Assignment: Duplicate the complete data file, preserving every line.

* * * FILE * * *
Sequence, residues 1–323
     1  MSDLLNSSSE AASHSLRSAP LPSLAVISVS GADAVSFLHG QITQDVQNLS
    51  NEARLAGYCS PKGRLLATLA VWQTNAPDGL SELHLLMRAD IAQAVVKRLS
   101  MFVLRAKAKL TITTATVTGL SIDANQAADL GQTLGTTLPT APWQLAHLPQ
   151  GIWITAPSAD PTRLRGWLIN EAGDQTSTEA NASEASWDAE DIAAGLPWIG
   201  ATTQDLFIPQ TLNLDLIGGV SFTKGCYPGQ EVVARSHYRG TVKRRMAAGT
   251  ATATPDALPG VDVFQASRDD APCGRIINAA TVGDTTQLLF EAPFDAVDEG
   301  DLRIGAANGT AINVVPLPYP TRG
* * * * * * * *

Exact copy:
Sequence, residues 1–323
     1  MSDLLNSSSE AASHSLRSAP LPSLAVISVS GADAVSFLHG QITQDVQNLS
    51  NEARLAGYCS PKGRLLATLA VWQTNAPDGL SELHLLMRAD IAQAVVKRLS
   101  MFVLRAKAKL TITTATVTGL SIDANQAADL GQTLGTTLPT APWQLAHLPQ
   151  GIWITAPSAD PTRLRGWLIN EAGDQTSTEA NASEASWDAE DIAAGLPWIG
   201  ATTQDLFIPQ TLNLDLIGGV SFTKGCYPGQ EVVARSHYRG TVKRRMAAGT
   251  ATATPDALPG VDVFQASRDD APCGRIINAA TVGDTTQLLF EAPFDAVDEG
   301  DLRIGAANGT AINVVPLPYP TRG